Chandrayaan 2: NASA finds crashed Vikram Lander

Vikram Lander impact point and associated debris field. Green dots indicate spacecraft debris. Blue dots locate disturbed soil, likely where small bits of the spacecraft churned up the regolith. "S" indicates debris identified by Shanmuga Subramanian. (Photo: NASA/Goddard/Arizona State University)

American space agency, the National Aeronautics and Space Administration (NASA) has detected the debris of Chandrayaan-2 lander, Vikram on the Moon’s surface. This is a major breakthrough after all contact was lost with the Lander, a few minutes before the planned soft-landing on September 7.

Early Tuesday morning, NASA tweeted an image of Vikram’s impact site, captured by its Lunar Reconnaissance Orbiter (LRO). The space agency credited Chennai engineer Shanmuga Subramanian for detecting the debris first, about 750 metres northwest of the main crash site. 

Subramanian had drawn NASA’s attention to a single bright pixel identification in the first mosaic of images clicked by the LRO camera. “Shanmuga Subramanian contacted the LRO project with positive identification of debris. After receiving this tip, the LROC team confirmed the identification by comparing before and after images.” 

On September 17, the LRO Camera team had released the first mosaic of the impact site on September 26. “Many people have downloaded the mosaic to search for signs of Vikram. When the images for the first mosaic were acquired the impact point was poorly illuminated and thus not easily identifiable,” NASA explained.

Two subsequent image sequences were acquired on October 14, 15 and November 11. “The LROC team scoured the surrounding area in these new mosaics and found the impact site (70.8810°S, 22.7840°E, 834 m elevation) and associated debris field. The November mosaic had the best pixel scale (0.7 metres) and lighting conditions (72° incidence angle).”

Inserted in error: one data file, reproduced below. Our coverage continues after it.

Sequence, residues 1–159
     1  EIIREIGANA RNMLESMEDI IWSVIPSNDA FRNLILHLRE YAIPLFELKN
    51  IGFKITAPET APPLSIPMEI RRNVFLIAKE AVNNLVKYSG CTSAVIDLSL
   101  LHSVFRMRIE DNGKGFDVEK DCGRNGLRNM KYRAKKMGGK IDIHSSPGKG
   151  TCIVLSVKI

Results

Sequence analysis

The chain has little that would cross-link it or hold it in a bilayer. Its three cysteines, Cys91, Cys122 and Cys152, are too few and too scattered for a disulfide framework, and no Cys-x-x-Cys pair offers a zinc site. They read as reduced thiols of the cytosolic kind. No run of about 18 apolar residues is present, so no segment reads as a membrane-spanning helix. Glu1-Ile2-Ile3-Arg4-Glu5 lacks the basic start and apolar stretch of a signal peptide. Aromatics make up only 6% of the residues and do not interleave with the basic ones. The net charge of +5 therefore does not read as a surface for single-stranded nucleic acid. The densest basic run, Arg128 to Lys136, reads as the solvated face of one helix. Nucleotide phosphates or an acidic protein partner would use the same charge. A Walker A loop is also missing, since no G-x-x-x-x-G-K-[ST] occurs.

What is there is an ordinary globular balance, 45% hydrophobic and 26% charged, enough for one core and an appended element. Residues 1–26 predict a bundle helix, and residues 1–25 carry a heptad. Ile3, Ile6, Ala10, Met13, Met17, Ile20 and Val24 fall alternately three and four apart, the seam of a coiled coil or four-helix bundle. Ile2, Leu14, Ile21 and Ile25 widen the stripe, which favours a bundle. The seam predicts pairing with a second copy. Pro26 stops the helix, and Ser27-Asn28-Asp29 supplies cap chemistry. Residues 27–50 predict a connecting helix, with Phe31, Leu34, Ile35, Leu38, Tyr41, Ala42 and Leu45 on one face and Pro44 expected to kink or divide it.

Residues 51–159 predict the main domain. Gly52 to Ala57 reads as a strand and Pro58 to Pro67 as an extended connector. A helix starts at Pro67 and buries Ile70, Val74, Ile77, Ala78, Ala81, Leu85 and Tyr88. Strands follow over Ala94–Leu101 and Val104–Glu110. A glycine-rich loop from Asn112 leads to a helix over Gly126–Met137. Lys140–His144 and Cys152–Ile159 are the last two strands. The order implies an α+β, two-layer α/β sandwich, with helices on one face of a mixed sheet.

After repeated attempts to re-establish contact with the Lander failed, the Indian Space Research Organisation (Isro) had subsequently confirmed that Vikram had a hard-landing on the lunar surface. Isro was attempting to land on the south polar region, a feat no country has achieved before. 

As part of the estimated Rs 1,000 crore Chandrayaan-2 mission, the Lander and the Rover Pragyan inside were to undertake a series of maneouvres. Minutes after touchdown, the Rover was scheduled to roll out of Vikram and scan the lunar surface for an entire lunar day, equivalent to 14 Earth days. 

Isro did not dub it a failure but shifted its focus to the Orbiter, now with an extended life of seven years. It is expected to carry out detailed surface mapping of the Moon with its advanced onboard cameras, analyzing the mineral and water content. 

Onboard the powerful GSLV Mark III rocket, Chandrayaan-2 was launched from Sriharikota on July 22, a week after an earlier attempt was called off due to a technical glitch. The spacecraft had performed remarkably well, meeting all the parameters before the communication breakdown with the Lander. 

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